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claytonyu
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How are some vintage airliners still operational?

Mon Apr 06, 2020 3:36 am

https://edition.cnn.com/travel/article/ ... index.html

I sometimes see people posting photos and videos of vintage airliners, such as DC-8 and 707, or sometimes even A300/A310 flying around. These planes are most likely over 40 years in service and seriously how do they stay in service while other planes that fly for only 10-15 years are retired due to metal fatigue. Older planes experience way more metal fatigue and are likely to fail than those that are used for 10-15 years. Is there a way around metal fatigue? Perhaps they overhaul vintage pressurized plane fuselages?
 
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Starlionblue
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Re: How are some vintage airliners still operational?

Mon Apr 06, 2020 4:02 am

Any aircraft can be maintained in airworthy condition as long as you perform enough maintenance. However, you might end up with a "Ship of Theseus", where most original parts have been replaced.

Airliners have a design life measured in cycles and hours. This can be extended through maintenance programs. For example, the USAF operates hundreds of KC-135s, the last of which was built in 1965. These have been extensively modified and maintained, including glass cockpits and in many cases engine replacement with turbofans.

For structural members subject to metal fatigue, life extension could mean anything from more frequent inspections to replacing with a new part.
"There are no stupid questions, but there are a lot of inquisitive idiots." - John Ringo
 
claytonyu
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Re: How are some vintage airliners still operational?

Mon Apr 06, 2020 4:13 am

Starlionblue wrote:
Any aircraft can be maintained in airworthy condition as long as you perform enough maintenance. However, you might end up with a "Ship of Theseus", where most original parts have been replaced.

Airliners have a design life measured in cycles and hours. This can be extended through maintenance programs. For example, the USAF operates hundreds of KC-135s, the last of which was built in 1965. These have been extensively modified and maintained, including glass cockpits and in many cases engine replacement with turbofans.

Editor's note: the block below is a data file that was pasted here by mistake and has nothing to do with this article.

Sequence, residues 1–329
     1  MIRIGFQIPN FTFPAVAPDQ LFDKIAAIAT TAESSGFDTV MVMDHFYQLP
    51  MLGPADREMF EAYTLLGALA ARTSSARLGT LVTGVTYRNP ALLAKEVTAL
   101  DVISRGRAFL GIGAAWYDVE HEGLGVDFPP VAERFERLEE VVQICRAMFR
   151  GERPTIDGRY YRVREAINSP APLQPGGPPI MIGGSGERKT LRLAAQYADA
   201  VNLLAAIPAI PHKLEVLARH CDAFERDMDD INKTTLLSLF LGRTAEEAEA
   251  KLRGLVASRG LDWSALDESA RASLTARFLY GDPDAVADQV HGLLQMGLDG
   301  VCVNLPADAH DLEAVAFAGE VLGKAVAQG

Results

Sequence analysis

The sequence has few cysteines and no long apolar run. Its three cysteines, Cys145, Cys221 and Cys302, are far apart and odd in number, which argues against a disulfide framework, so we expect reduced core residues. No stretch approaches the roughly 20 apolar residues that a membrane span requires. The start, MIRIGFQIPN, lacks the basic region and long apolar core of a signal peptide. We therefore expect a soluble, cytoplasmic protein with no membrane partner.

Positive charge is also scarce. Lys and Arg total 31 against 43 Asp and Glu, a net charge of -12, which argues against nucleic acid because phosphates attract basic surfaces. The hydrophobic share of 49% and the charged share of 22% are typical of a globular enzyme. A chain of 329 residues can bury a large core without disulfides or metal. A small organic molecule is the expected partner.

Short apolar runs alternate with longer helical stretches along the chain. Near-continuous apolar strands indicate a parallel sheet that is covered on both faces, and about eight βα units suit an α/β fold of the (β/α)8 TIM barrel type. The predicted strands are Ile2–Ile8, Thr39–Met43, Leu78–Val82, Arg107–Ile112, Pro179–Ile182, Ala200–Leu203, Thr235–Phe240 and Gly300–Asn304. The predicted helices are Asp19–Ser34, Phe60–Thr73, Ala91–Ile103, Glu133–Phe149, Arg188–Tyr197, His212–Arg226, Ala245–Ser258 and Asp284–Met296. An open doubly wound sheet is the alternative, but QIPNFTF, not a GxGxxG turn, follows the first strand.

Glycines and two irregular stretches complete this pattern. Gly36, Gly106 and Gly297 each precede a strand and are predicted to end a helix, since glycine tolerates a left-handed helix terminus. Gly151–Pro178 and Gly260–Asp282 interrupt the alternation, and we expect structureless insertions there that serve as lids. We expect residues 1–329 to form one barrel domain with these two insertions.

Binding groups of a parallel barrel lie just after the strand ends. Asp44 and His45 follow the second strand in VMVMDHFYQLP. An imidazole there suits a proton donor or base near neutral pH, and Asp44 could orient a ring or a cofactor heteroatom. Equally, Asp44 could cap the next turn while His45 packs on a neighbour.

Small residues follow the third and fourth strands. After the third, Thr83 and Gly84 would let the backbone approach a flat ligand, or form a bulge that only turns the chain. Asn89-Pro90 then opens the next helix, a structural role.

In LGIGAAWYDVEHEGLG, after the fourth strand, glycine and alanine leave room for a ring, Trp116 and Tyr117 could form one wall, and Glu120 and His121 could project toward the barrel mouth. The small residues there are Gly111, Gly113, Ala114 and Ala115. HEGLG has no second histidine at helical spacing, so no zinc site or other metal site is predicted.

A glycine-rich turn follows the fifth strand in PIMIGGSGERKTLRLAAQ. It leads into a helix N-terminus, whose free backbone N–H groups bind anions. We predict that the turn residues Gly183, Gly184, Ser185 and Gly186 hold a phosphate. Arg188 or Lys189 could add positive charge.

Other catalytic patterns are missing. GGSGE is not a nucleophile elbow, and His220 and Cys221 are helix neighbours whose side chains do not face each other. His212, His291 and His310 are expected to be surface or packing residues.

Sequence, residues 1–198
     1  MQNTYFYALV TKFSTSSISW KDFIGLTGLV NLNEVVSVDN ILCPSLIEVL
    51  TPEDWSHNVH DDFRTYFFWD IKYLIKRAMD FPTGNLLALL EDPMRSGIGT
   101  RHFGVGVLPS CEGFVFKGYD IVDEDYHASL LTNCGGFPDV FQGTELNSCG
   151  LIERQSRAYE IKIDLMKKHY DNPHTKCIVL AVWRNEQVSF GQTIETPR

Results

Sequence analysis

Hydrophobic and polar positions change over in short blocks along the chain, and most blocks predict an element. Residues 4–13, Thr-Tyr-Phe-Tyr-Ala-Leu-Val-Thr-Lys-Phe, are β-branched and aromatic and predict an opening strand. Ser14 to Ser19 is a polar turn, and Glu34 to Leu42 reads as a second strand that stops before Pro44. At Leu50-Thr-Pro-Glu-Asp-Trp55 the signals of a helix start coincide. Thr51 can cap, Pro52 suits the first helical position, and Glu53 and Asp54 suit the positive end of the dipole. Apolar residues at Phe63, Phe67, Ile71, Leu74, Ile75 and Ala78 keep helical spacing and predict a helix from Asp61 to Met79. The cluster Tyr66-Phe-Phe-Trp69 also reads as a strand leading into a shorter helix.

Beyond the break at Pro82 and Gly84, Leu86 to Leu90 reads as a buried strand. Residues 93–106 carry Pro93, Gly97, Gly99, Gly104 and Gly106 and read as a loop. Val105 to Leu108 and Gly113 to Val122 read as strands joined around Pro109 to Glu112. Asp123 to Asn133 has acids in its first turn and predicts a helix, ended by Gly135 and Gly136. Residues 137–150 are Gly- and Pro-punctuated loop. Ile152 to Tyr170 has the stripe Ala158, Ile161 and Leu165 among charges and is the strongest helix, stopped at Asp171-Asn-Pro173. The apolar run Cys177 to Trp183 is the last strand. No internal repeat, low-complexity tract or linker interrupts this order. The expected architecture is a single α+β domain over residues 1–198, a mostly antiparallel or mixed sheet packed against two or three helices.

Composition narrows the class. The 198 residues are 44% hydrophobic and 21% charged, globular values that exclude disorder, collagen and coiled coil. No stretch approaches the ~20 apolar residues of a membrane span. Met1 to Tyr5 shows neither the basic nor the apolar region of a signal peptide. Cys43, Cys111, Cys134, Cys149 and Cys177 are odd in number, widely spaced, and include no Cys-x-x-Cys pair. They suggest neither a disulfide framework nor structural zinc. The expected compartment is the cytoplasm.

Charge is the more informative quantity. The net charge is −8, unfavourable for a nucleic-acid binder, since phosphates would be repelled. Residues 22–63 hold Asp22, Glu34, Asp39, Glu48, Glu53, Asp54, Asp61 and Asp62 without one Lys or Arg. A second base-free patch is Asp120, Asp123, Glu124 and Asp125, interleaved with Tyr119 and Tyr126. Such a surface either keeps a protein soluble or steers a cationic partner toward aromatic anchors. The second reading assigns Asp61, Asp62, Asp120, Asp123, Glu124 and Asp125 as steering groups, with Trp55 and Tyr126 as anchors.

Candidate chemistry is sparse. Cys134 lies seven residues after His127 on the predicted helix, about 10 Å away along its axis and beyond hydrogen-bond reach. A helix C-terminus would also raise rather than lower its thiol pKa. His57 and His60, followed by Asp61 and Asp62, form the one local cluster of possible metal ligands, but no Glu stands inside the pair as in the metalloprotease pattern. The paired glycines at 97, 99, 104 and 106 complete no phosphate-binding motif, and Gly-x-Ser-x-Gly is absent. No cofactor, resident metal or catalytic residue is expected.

For structural members subject to metal fatigue, life extension could mean anything from more frequent inspections to replacing with a new part.


When they replace new parts, this includes manufacturing and placing completely new pieces of fuselage am I right? Maybe they should try composite parts to prolong the life and avoid fatigue? idk
 
rfields5421
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Re: How are some vintage airliners still operational?

Mon Apr 06, 2020 4:47 am

It is a matter of money, and availability of parts. Throw enough dollars at a plane, find enough volunteers willing to work, and they can be kept flying for long, long times.

The Lockheed Super Constellation is a special aircraft to me. Flew about 1,250 hours on cargo and ECM versions of the plane in 1972-74 during my first Navy tour. I've watched the situation of the flyable birds deteriorated as parts are becoming an issue. Several aircraft on display, and almost none are maintained in condition to have usable parts.

I suspect the aircraft currently flying in some cases are not really high time/ cycles aircraft. At one time in my youth, I would guess the average commercial passenger aircraft averaged under 120 hours a month. Since airline deregulation and the explosion of air travel in the 70s and 80s, utilization is much higher.

Replacing original parts with new things like composites brings up whole issues of certification and such. Many places can fabricate new metal parts from existing examples. Building new parts from composites I suspect is much harder and more expensive. I could be wrong.
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Starlionblue
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Re: How are some vintage airliners still operational?

Mon Apr 06, 2020 5:33 am

rfields5421 wrote:
Replacing original parts with new things like composites brings up whole issues of certification and such. Many places can fabricate new metal parts from existing examples. Building new parts from composites I suspect is much harder and more expensive. I could be wrong.


That was my first thought as well. Plus composite flexes differently compared to aluminium, so you'd have issues with interfaces not behaving as originally designed.
"There are no stupid questions, but there are a lot of inquisitive idiots." - John Ringo
 
Dalmd88
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Re: How are some vintage airliners still operational?

Mon Apr 06, 2020 3:49 pm

Starlionblue wrote:
rfields5421 wrote:
Replacing original parts with new things like composites brings up whole issues of certification and such. Many places can fabricate new metal parts from existing examples. Building new parts from composites I suspect is much harder and more expensive. I could be wrong.


That was my first thought as well. Plus composite flexes differently compared to aluminium, so you'd have issues with interfaces not behaving as originally designed.